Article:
My mother died five years ago. This is the anniversary date. You know, I don’t think we should group death into the anniversary category. There should be a separate category, like “endiversary” or “passing day” or “A Fucking Sad Event Occurred Day”.
I’m going to go with endiversary, because I made it up and I like it.
A few days before the endiversary, I start to feel things. Little twinges of emotion, shortness of temper, and the desire to hide myself away. Now, I suppose those in my immediate realm will exclaim, “Wait! You’re like that ALL THE TIME!” but they’re just being assholes so ignore them. Things are somehow magnified in their intensity, and I am not as up to to coping with things as I normally am. Truth be told, I am so caught up in the effort to be stoic that I am likely to crumble under the weight of such a feat.
In the five years that have followed since her death, I have gone through every conceivable stage of grief that could be possible. Hell, I think I may have discovered some new ones. I really think that I cried so many tears in just the week after that this is why I have no tears now. I simply used up my available bank of leaky, salty, eye waters and when the well went dry, I was SOL.
After the tears came the love, profound and crushing in its reality. During that phase, no one could have loved their mother more than I did. I saw only the good, the loving ways, the things she did that were phenomenal, and, in doing so, I crafted a halo to perch atop her head. It was made of silver and emeralds because those were her favorite precious metals and jewels and it was a beacon to all in Heaven that I was honoring my mother. I was beatifying her.
Of course, the halo came crashing down to earth when the next phase of grief hit me. It fell and it hit the ground and it shattered into a million little pieces, and it was not at all repairable. Her post-mortem fuck-you came in the form of an estate utterly lacking in preparedness or the funds to see things to their conclusion. In the end, she took the phrase, “You can’t take it with you” so seriously that she decided that it really meant “You can’t take it with you and you should also leave the bill for someone else to pay because what the fuck do you care? You’re dead.” I was so angry at her for many months following this discovery. Just as her admission, shortly before she died, that I had never been able to please her and that it wasn’t entirely fair….this seemed to be another piece of proof that she really had regretted having me all those years ago.
What do you call a stage like that? To this day, I still don’t know.
Eventually, I struck a sort of happy medium. It was a peaceful cohabitation of love and hate, which I suppose characterized our relationship from beginning to end. I had to give up the ghost, so to speak, and quit providing safe harbor to the demons that terrorized and taunted me, their teeth gnashing as they delighted in tearing me apart from within the confines of my troubled mind. I suppose she had her own demons to fight, too. I suppose she took them with her, silencing them forever. I suppose that she finally found her own peace. But I find that time has a way of wearing down the anger into just a slight twinge. Now, there is really only love.
It has been five years, and so much has happened that she missed. Four new great-grandchildren have been born. The thing about my mom? She adored her grandchildren. She delighted in them and then delighted in their children. We did see eye to eye about the fact that my kids are blessings.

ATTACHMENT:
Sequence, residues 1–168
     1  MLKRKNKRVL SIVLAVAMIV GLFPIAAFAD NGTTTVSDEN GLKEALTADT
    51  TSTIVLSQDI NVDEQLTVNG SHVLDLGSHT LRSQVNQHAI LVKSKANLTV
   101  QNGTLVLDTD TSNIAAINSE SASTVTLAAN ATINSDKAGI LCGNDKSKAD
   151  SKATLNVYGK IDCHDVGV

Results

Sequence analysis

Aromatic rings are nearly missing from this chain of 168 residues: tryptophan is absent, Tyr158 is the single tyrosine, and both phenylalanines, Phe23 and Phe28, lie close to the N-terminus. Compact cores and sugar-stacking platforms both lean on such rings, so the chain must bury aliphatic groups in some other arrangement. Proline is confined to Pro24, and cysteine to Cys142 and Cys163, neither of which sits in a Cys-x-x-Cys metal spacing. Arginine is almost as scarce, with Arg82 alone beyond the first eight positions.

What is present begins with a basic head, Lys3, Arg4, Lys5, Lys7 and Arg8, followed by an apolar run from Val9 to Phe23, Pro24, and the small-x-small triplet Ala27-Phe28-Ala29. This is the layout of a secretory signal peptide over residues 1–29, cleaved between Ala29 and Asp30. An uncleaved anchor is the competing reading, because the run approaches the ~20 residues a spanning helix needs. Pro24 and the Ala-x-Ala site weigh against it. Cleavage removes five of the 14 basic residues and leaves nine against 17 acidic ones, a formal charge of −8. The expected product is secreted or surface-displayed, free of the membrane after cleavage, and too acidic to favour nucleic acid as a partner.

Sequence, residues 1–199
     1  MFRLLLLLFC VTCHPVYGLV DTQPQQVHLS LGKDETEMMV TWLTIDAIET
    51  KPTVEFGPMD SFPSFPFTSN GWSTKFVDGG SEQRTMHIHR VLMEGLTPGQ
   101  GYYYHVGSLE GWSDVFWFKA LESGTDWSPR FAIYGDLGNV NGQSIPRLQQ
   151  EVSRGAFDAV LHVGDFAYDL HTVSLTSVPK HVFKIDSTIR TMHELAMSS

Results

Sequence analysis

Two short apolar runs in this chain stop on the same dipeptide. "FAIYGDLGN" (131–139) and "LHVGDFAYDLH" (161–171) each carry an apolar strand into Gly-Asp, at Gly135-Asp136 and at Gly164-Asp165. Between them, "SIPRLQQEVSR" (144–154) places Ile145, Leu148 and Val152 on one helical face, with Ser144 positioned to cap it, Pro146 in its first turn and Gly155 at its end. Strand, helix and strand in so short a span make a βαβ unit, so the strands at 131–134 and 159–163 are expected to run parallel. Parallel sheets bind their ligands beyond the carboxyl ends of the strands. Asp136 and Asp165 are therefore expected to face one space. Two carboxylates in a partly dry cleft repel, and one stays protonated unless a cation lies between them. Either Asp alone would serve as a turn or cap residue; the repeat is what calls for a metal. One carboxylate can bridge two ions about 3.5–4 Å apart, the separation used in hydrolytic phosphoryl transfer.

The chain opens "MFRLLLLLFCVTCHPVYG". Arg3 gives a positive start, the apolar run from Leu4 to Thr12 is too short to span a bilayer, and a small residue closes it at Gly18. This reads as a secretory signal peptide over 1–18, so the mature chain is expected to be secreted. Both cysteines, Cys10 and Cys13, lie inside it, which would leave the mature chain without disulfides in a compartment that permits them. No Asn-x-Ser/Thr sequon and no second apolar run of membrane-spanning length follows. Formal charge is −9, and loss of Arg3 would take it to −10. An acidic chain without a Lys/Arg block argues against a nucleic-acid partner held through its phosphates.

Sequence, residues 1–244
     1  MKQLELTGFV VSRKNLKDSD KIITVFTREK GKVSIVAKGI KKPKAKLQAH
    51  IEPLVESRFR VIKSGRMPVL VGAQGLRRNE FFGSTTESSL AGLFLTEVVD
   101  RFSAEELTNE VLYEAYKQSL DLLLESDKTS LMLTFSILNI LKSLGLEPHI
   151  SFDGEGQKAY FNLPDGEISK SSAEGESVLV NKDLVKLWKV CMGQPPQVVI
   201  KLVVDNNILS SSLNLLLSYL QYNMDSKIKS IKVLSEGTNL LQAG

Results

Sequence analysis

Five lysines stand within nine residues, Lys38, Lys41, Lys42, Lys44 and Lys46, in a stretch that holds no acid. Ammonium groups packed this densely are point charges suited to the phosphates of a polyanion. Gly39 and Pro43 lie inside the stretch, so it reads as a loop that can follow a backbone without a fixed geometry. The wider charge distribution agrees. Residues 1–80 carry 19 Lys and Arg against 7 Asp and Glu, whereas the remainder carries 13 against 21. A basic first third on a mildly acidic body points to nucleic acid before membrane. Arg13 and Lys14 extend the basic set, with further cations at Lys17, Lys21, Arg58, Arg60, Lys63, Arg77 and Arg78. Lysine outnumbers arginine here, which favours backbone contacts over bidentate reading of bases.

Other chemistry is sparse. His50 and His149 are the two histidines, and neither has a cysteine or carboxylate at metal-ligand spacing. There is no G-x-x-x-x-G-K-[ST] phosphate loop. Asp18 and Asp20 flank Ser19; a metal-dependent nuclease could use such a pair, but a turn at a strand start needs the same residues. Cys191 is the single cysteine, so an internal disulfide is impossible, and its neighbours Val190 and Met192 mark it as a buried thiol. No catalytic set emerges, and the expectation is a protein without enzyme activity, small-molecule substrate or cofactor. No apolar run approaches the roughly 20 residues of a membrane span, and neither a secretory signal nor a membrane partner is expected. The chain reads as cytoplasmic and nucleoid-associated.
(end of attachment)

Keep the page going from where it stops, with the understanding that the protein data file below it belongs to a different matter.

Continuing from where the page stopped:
The Male Sibling Unit has really matured and blossomed in ways that would make her proud.
And her granddaughter married the best guy in the world. I do not tell my daughter this, but I see the best parts of my mom in her. Her creativeness, her earnestness about everything she does, the gentle way she has with children. Sometimes, her eyes will light up and she will pop off, make a smart comment; and it’s my mom, as I remember her when I was a little girl. I see the mother who made me something out of nothing; a cardboard box was designed and drawn on and parts were cut and pasted and my 3 year-old self had a play car to sit in and “drive”. Play-dough was made from scratch. Paper dolls were drawn and cut out for me to dress. Every holiday was an event and every day, she found ways to engage me in learning, creating, and being myself. She might not recognize these qualities in her granddaughter as being reflections of her, but I do.
I wore a skirt with a green flower print to the wedding. I had planned on wearing a gorgeous dress I bought months ago, but I the end, I decided that my mother needed to be present in some way. She would have been so immensely proud and that she missed it makes me so genuinely sad that it makes the dull ache of missing her pale by comparison. So I wore green – her favorite color – and I imagined her sitting on the bench next to me, clutching a wad of tissues and smiling beatifically as she watched her youngest grandchild become a wife. If I believed in God, I could wax poetic about how she was “smiling down” from Heaven, but I don’t believe that. Instead, I believe her presence was felt in the whisper of winds amongst the trees and the way the sun was shining upon a bride so beautiful, it took our breath away. She was there.
She was there.
Five years is a long time to be a motherless child. I think about her in some way every single day. Her voice is still fresh in my memory. I don’t feel the need to please her anymore, nor do I have the added stress of a religious faith that indoctrinates Heaven and Hell and cows us into believing “they can see us” after death. I felt her for a long time after she died, and I think that takes time to fade away, like fog in the morning on a warm, sunny, Autumn day. She’s here, yes.
In the whispering of winds in the trees.